...as Clear and Transparent as a Piece of Coal... Part 2
Summary: John Steuart Curry and Reginald Marsh corresponded with Jacques Maroger in the 1940s to obtain the long lost secret of Old Master painting medium. Sadly, both artists found that the medium they sought undermined their artwork and caused many problems.
We mistakenly rely on art schools to teach and work out the techniques that create successful, long-lasting works of art. I can almost hear the former art students among you snickering in agreement. With the vacuum generated by the void in knowledge about making art with sound materials and techniques, it is no wonder that online art forums are so successful. They serve as a “crowdsource” classroom for people who hunger for information. It does not have to be good information. It only has to sound convincing. As of late, we know the power social media has to spread misinform the public. Artist forums are not immune to the mounds of bad advice that is disseminated.
Both Marsh and Curry, eager to experiment with materials, became associated with Maroger at the most inappropriate time in the careers of all three individuals. Marsh and Curry were approaching their prime and the use of these mediums, while inspiring at first, became a nightmare for both artists as their paintings failed. The correspondence between the artists and Maroger became increasingly confusing and agitated.
The hunger expressed by American painters to learn Old World techniques and past practices was satisfied by Maroger who claimed to have discovered and know the Secrets of the Old Masters. Aided by books written by Doerner, Vibert, and Laurie were available to artists during the early 20th century, artists were keen on learning the “secrets” that would create great paintings. Maroger stepped forward to “ride the wave” and claimed to have The Secret of the Old Masters. But inconsistencies in proving the validity of the secret formula Old Masters used revealed themselves through confusion and changes voiced by Maroger. Modifications of the formula over time in his story about the secret of Old Master mediums exposed his shortcomings.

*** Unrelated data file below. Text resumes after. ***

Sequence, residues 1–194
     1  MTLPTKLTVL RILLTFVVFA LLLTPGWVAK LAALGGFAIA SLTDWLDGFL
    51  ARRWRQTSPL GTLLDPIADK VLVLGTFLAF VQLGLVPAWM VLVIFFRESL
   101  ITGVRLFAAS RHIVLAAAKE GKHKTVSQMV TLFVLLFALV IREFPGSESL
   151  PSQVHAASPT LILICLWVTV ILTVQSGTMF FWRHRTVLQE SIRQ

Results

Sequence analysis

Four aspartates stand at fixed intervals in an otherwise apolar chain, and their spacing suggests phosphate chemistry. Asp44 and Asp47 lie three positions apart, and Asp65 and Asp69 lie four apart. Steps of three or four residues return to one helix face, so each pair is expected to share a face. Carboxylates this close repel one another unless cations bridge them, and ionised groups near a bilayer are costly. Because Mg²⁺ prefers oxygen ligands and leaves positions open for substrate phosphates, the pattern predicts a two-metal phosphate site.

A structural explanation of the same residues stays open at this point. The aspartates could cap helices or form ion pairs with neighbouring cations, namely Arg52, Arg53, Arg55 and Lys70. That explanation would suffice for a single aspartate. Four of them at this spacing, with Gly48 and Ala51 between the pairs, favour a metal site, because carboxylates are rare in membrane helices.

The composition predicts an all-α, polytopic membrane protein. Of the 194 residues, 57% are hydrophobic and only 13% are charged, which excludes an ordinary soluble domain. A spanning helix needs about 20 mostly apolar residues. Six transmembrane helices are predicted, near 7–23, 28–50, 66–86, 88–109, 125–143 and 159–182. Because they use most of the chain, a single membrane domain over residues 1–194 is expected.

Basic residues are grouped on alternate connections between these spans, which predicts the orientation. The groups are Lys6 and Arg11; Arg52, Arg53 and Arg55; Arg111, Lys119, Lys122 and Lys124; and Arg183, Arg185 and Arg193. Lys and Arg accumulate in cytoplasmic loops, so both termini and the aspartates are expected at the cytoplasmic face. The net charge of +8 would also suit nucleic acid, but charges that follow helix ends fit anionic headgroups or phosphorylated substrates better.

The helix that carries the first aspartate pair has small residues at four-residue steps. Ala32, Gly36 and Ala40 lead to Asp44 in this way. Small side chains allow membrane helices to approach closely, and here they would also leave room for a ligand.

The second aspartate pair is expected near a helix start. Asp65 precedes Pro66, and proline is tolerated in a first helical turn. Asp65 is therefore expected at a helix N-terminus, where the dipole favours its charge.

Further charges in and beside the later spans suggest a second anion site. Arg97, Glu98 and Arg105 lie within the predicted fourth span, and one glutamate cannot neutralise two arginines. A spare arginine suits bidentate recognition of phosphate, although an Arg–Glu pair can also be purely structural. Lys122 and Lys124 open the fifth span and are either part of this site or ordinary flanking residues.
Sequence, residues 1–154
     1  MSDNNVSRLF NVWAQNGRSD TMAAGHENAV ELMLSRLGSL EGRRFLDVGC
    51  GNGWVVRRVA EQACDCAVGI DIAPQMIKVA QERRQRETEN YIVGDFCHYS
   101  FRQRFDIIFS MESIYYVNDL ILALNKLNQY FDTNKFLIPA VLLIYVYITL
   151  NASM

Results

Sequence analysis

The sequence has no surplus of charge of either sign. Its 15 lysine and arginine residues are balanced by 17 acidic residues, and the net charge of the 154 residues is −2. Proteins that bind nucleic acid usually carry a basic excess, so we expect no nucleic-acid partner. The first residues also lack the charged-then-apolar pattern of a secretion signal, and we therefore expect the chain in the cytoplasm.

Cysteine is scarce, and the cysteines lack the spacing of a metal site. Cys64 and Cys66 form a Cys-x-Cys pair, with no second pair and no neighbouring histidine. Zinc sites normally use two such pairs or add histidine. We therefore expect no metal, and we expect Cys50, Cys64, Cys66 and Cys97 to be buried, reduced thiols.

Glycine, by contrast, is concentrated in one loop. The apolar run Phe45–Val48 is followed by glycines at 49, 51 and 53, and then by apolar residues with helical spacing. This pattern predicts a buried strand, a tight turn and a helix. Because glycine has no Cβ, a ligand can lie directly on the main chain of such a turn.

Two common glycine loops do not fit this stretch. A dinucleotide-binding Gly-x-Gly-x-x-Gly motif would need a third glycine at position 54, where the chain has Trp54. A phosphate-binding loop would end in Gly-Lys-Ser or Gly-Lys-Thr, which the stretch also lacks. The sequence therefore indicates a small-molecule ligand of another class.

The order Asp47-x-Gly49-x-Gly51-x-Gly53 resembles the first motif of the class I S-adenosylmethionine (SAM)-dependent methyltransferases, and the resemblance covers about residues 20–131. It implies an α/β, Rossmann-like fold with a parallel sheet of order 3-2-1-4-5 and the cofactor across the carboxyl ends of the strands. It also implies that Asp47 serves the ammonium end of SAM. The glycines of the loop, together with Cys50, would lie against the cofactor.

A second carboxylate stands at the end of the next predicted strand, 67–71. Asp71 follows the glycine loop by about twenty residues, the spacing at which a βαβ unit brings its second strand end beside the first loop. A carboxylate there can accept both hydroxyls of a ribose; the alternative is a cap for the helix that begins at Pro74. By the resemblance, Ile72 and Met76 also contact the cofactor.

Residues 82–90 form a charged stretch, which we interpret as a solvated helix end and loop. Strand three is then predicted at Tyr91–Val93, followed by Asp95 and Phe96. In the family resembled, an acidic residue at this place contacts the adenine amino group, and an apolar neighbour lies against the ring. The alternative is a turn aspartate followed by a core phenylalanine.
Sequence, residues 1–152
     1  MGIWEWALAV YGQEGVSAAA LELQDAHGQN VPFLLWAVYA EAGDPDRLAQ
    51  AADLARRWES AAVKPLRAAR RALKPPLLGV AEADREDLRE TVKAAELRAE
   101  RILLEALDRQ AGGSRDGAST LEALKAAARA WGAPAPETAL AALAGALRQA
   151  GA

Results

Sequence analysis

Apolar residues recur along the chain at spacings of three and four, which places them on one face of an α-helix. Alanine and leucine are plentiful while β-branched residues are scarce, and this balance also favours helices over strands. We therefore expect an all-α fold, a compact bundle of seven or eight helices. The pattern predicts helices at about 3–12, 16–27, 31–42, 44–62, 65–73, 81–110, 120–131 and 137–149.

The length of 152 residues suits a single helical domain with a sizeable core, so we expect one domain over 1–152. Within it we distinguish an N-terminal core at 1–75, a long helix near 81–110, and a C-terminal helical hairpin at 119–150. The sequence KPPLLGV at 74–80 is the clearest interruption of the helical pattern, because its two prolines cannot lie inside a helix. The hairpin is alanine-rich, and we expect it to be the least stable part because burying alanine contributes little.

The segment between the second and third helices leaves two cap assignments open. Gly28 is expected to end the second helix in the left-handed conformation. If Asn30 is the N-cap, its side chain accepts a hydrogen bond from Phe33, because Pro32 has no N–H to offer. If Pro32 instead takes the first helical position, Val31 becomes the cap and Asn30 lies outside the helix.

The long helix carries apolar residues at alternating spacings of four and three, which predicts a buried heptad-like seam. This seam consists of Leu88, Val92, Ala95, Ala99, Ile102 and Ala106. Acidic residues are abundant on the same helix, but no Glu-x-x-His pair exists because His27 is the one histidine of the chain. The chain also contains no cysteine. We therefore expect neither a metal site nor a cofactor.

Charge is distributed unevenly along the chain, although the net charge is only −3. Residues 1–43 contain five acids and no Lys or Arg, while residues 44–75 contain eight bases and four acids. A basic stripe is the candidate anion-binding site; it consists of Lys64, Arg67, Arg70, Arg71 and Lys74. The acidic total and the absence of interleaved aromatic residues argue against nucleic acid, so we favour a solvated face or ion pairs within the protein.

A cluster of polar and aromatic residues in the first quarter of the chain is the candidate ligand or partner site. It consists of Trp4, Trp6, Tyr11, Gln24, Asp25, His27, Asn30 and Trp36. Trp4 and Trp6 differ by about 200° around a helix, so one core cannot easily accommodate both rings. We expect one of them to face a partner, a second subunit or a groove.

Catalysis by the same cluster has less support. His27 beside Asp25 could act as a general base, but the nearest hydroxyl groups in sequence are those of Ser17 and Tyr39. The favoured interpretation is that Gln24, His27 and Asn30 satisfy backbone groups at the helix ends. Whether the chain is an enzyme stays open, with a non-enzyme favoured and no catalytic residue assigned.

It was the classic mistake of the modern world believing that great knowledge was somehow lost. Rediscovering the secrets would allow artists, once again, to make amazing paintings. Anyone who could rediscover the secret would be hailed and followed. However, Maroger’s secret medium kept evolving.
Why would the ‘secret’ evolve? Maroger’s medium in 1940 was a two-part system of 50 percent gum arabic in water and a second part composed of dissolving damar in linseed oil using heat. Maroger instructed the user to mix the gum and damar mixture vigorously to create a unified painting medium. A bit later, Maroger proposed that the gum and damar mixture should have a companion medium. A solution of 10 percent litharge by weight cooked with linseed oil was described to create a substance known as “black oil.” Maroger instructed that the black oil should be used on the surface of the painting to create the monotone underdrawing. The gum and damar mixture would be applied with the paint on top of the black oil underpainting.
Soon enough, Maroger changed the recipe again to have colors ground in black oil except for the whites and yellows. By 1942 Maroger recommended the use of white lead instead of litharge to make black oil. The amount of lead went from 30 percent, down to 20, then to 3 to 4 percent. When Maroger moved to Baltimore, Maryland, he concocted yet another modification of the secret painting medium. It was a solution of mastic dissolved in turpentine or linseed oil (walnut oil could be substituted as well) mixed with his black oil medium. I suppose he was so absorbed in his work and unaware of art material history that he failed to recognize that he had just reinvented the 18th-century medium, MEGILP. Is anyone surprised? Given the limited number of historical art materials that Maroger was manipulating, it was inevitable that Megilp would emerge from his numerous experiments.